Abstract: This paper links banking systems development to the colonial and legal history of African countries. Specifically, we investigate the impact of differing legal traditions on the development of existing investor and creditor protection, and on African banking systems. Based on a sample of 40 African countries from 2000 to 2016, our empirical findings show a significant dependence of current financial institutions on the legal origin and the colonization type. Findings also reveal that current legal financial institutions are not the major determinants of banking system development, whereas institutional and regulatory quality significantly matter for banking system development in both common and civil law countries. Strong creditor rights reduce the cost of banking in African countries.
    Keywords: Legal origins,colonial history,financial institutions,banking systems,Hausman-Taylor estimation
    JEL: G21 G38 G39 K40
    Date: 2020
  11. By: Andrea Marín Odio (OECD)
    Abstract: Increasing moves away from multilateralism have created a fragmented trade and investment scenario where economies progressively combine the application of restrictive unilateral actions with bilateral and regional preferences. The application of, and exceptions to, the non-discrimination provisions are a fundamental element of these trends.This paper sheds light on the two types of non-discrimination provisions considered the founding stones of the multilateral system: the most favoured nation (MFN) clause - as developed under the GATT and GATS - and the non-discrimination clause among countries adhering to the OECD Codes of Liberalisation.While not taking a position on the complex question of whether a multilateral, plurilateral or bilateral approach to trade and investment liberalisation should be pursued, the paper illustrates the OECD has upheld the non-discrimination obligation as one of its basic principles, dating back to its origins over 60 years ago.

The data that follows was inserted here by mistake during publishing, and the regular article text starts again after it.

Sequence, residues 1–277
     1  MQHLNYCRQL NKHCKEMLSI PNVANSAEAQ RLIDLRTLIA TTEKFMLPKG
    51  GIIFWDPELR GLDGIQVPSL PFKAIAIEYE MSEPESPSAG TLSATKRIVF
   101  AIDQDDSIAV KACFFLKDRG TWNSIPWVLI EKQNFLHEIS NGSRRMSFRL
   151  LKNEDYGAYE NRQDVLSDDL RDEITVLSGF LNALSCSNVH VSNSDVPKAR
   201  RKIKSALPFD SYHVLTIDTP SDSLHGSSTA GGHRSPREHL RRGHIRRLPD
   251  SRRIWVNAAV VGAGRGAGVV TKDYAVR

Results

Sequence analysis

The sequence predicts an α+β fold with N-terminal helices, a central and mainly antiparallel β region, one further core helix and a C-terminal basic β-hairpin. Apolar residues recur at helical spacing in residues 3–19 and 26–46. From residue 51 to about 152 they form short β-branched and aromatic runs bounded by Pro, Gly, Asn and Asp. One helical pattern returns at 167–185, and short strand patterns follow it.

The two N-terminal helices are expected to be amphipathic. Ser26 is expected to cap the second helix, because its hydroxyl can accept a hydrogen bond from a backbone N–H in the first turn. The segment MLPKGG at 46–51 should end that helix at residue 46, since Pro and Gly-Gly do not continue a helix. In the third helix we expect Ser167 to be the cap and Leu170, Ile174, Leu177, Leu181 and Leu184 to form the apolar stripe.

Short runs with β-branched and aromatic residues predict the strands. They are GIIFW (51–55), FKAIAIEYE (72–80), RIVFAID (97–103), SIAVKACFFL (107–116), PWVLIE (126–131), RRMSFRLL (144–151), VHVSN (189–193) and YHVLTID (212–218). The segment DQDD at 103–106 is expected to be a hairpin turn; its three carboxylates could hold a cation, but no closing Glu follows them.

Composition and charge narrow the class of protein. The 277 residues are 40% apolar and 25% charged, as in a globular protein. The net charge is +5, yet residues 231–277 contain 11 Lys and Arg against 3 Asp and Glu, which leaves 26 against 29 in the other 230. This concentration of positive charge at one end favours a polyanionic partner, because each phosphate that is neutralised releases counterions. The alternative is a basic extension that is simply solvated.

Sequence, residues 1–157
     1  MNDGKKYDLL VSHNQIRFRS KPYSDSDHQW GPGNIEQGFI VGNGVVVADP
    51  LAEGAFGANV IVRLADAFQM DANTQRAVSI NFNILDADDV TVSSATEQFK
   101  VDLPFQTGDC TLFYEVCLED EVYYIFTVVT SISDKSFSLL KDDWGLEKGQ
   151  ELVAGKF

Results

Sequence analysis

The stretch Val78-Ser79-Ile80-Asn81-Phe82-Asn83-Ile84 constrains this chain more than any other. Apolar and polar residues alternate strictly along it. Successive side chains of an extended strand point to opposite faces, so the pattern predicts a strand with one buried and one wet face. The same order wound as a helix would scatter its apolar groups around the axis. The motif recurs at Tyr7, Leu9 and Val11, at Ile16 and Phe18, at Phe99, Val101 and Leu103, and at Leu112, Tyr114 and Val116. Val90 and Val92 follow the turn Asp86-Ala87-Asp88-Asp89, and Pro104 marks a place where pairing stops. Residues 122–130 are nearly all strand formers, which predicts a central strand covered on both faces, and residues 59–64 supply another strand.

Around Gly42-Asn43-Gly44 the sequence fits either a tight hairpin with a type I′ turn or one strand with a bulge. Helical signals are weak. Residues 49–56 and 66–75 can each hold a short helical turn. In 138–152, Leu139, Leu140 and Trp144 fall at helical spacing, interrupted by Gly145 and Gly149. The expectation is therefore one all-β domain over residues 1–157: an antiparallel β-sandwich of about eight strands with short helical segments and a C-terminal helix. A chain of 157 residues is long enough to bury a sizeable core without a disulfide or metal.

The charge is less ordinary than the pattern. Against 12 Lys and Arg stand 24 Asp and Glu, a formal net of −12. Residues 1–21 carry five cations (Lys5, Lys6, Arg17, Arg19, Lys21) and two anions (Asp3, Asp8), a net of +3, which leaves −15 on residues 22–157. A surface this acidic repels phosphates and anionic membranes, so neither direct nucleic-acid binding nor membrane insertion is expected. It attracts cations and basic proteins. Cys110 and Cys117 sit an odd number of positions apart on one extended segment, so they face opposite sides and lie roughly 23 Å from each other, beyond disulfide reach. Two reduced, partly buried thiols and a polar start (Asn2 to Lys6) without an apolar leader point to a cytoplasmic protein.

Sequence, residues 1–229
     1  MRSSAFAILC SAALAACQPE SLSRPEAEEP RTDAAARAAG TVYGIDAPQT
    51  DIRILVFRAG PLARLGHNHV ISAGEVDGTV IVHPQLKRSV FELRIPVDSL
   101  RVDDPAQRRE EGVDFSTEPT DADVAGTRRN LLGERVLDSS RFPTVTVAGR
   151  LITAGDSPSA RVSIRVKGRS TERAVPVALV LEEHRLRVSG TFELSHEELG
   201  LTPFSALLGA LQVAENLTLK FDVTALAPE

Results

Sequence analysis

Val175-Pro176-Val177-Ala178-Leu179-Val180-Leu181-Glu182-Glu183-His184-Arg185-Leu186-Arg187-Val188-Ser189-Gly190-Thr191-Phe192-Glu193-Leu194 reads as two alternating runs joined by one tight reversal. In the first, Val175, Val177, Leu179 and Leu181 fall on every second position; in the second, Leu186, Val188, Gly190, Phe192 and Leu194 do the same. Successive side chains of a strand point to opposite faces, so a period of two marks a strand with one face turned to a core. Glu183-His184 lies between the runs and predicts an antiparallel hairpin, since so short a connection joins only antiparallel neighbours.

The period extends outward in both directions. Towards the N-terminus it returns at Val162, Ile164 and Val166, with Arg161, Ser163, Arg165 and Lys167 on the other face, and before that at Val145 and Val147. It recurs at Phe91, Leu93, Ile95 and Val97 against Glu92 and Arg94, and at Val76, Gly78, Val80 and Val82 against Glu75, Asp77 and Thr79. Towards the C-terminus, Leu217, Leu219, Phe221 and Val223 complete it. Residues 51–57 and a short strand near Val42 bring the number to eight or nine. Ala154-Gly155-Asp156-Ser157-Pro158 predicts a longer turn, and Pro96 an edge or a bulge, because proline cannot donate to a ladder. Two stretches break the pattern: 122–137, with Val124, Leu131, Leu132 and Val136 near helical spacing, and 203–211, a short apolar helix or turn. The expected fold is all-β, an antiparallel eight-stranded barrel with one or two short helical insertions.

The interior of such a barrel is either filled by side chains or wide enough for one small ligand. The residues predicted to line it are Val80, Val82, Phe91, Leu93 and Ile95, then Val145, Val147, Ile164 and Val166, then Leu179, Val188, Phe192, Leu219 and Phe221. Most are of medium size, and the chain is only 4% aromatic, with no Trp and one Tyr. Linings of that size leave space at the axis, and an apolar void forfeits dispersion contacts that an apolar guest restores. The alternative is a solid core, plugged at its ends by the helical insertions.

Keywords: Codes of Liberalisation, international trade law, MFN, most favoured nation, multilateralism, non-discrimination, regional integration, WTO
    JEL: F13 F15 F42 F51 F53 F55 F60 K33
    Date: 2020–02–10
  12. By: Massimo Motta; Martin Peitz
    Abstract: Big tech mergers are frequently occurring events. What are the competitive effects of these mergers? With the help of a simple model we identify the acquisition of potential competitors as a pressing issue for merger control in digital industries. We also sketch a few novel theories of harm of horizontal and conglomerate mergers that are potentially relevant in digital industries. Finally, we draw some policy recommendations on how to deal with mergers in such industries.
    Keywords: merger policy, digital markets, potential competition, conglomerate mergers
    JEL: L41 L13 K21
    Date: 2020–01
  13. By: van der Zee, Eva
    Abstract: The main aim of this paper is to examine how the current European Commission guidelines issued in 2004 on the application of Article 101(3) of the Treaty on the Functioning of the European Union (TFEU) (hereinafter: Commission guidelines) could be improved to allow undertakings to assess their agreements under Article 101(3) TFEU in a way that is quantifiable but that goes beyond an economic approach focusing solely on monetary well-being. This research is timely, as the Commission is currently reviewing the Horizontal Block Exemption Regulations and the Horizontal Co-operation Agreements Guidelines. To achieve this aim, I will first give a brief overview of Article 101 TFEU and the Commission guidelines, pointing out where further guidance is needed. Then, I will show that based on communications by the Commission, as well as based on case law by the Court of Justice of the European Union (CJEU), the term "benefits" under Article 101(3) TFEU should be interpreted as a wide notion of well-being (ie not solely related to monetary well-being), also known as HWB. Based on the legal analysis, this paper explores different methods to estimate HWB (economic cost-benefit analysis, well-being analysis, resourcism, and the capabilities approach), arguing that a combination of these methods would provide the most accurate estimation of HWB. It is concluded that, in the right hands with the proper understanding of the strengths and weaknesses, statistical data derived from HWB methods can provide important insights. To improve guidance as to how to use these insights, national agencies or the European Commission are advised to answer normative questions. These questions include which discount rate should be chosen and which capabilities society deems important.
    Keywords: competition law,European law,human well-being
    JEL: K21 L4
    Date: 2020